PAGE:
Monday, 10 November 2008
More Thoughts on Intelligent Design and Theodicy
Deus absconditus (the hidden God) is not clearly and widely manifest in the world, but here and there, like touches of dappled sunlight, divine action seems to break through. The rest, though, is darkness of human sin and the inescapable unpleasantness of physical existence.
The most obvious challenge to "Intelligent Design" is that it is merely a form of "God of the Gaps" theology, in which God is invoked to explain things that are currently beyond either our theories or our imagination. Natural selection is perfectly adequate to explain (say) mammalian morphology, but when it comes to (say) the mechanism of ciliary action, we don't have surviving instances of any intermediate stages, and we can't imagine what they might have been, so the propenents of ID usher in God as the explanation. This seems both unscientific and intellectually feeble.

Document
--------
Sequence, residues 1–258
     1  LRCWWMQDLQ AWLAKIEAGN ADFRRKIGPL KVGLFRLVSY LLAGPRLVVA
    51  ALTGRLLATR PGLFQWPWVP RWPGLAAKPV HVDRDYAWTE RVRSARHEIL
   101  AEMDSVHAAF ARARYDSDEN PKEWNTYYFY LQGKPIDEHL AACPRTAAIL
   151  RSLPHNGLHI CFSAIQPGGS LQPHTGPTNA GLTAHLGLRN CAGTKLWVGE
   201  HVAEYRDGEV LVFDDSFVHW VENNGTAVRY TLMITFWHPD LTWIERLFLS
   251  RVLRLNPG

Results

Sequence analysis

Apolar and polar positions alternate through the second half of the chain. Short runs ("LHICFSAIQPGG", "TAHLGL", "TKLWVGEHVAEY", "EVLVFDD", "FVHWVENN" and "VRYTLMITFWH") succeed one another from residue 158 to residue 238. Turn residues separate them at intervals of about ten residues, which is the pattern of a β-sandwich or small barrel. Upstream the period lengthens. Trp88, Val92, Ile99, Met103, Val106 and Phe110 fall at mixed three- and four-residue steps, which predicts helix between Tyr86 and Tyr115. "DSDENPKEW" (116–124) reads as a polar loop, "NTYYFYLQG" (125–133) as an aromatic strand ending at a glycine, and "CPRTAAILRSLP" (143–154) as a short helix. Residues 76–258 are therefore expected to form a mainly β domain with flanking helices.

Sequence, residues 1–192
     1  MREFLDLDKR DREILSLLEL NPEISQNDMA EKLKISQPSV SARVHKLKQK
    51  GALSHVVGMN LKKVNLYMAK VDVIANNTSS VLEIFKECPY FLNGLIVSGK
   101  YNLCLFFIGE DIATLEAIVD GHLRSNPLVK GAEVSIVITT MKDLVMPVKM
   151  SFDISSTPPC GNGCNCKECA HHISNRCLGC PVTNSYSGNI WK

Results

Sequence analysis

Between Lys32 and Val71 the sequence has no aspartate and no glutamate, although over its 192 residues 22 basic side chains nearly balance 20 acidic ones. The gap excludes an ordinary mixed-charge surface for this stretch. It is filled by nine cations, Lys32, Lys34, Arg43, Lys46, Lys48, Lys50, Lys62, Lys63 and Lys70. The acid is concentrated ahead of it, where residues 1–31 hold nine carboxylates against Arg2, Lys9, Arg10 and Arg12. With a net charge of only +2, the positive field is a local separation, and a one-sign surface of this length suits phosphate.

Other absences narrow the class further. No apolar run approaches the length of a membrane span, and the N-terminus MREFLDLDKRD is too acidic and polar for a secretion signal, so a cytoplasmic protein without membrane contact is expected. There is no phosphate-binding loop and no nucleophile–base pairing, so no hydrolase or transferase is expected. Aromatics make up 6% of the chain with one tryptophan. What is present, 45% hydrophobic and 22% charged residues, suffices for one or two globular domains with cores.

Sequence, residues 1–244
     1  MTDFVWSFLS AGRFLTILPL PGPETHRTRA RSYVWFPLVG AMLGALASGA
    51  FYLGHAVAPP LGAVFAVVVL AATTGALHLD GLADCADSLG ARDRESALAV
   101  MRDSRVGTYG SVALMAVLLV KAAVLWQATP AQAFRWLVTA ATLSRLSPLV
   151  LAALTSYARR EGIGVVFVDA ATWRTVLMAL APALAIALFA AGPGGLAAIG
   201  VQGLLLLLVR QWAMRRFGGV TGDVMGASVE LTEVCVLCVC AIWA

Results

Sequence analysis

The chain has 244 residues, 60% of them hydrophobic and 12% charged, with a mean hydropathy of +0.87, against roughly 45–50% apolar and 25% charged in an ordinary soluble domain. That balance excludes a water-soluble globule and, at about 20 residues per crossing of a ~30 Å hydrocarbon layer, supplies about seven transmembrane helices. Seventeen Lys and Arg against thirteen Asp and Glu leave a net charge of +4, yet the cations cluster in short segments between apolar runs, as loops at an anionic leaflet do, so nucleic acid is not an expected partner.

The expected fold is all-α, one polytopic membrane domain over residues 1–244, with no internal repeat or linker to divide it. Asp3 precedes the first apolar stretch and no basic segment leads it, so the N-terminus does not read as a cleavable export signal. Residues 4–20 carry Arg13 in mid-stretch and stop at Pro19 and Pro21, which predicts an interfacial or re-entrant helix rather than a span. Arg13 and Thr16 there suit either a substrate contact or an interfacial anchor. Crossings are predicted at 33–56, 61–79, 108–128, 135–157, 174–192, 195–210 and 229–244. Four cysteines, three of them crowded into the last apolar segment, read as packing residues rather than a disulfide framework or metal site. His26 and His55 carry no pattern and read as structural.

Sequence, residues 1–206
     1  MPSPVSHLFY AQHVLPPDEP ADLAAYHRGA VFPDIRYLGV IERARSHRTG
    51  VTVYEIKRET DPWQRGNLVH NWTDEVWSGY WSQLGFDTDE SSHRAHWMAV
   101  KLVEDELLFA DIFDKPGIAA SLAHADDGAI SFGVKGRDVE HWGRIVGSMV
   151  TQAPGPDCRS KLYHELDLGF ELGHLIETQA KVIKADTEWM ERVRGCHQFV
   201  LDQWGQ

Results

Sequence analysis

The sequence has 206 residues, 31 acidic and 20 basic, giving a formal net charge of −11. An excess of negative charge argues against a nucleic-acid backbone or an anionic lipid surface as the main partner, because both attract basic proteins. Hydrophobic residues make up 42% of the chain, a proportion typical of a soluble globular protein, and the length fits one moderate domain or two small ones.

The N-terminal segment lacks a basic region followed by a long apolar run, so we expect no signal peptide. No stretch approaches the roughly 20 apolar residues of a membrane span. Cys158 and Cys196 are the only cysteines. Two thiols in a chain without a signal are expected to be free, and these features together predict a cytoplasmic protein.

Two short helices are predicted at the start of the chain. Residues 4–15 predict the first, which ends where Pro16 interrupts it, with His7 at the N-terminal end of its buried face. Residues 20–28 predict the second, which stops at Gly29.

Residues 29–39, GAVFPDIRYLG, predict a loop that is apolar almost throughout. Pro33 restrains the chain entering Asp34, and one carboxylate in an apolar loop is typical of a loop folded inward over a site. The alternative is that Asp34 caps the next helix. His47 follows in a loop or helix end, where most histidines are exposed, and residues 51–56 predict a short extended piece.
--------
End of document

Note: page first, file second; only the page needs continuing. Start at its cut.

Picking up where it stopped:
Might it be reasonable to expect God's action in creation to be similar to his apparent mode of action in the here-and-now universe? Most of the time it is a chaotic maelstrom of mere material cause and effect, on which the mischoices of the human will are superimposed; but where an opening exists, God is able to act. Where a human soul opens itself in prayer, there is an option for the divine. The problem with applying this to the non-human world is that it requires some kind of vitalist theory of the universe: the heterodox notion that something analogous to free will is possessed by elements within inanimate nature. Without this, there is no logic to the occasions on which God acts: why should he so beautifully design the biochemistry of the cell, and then sit back while parasitic insects chew their way through the larvae of other species? I am not convinced.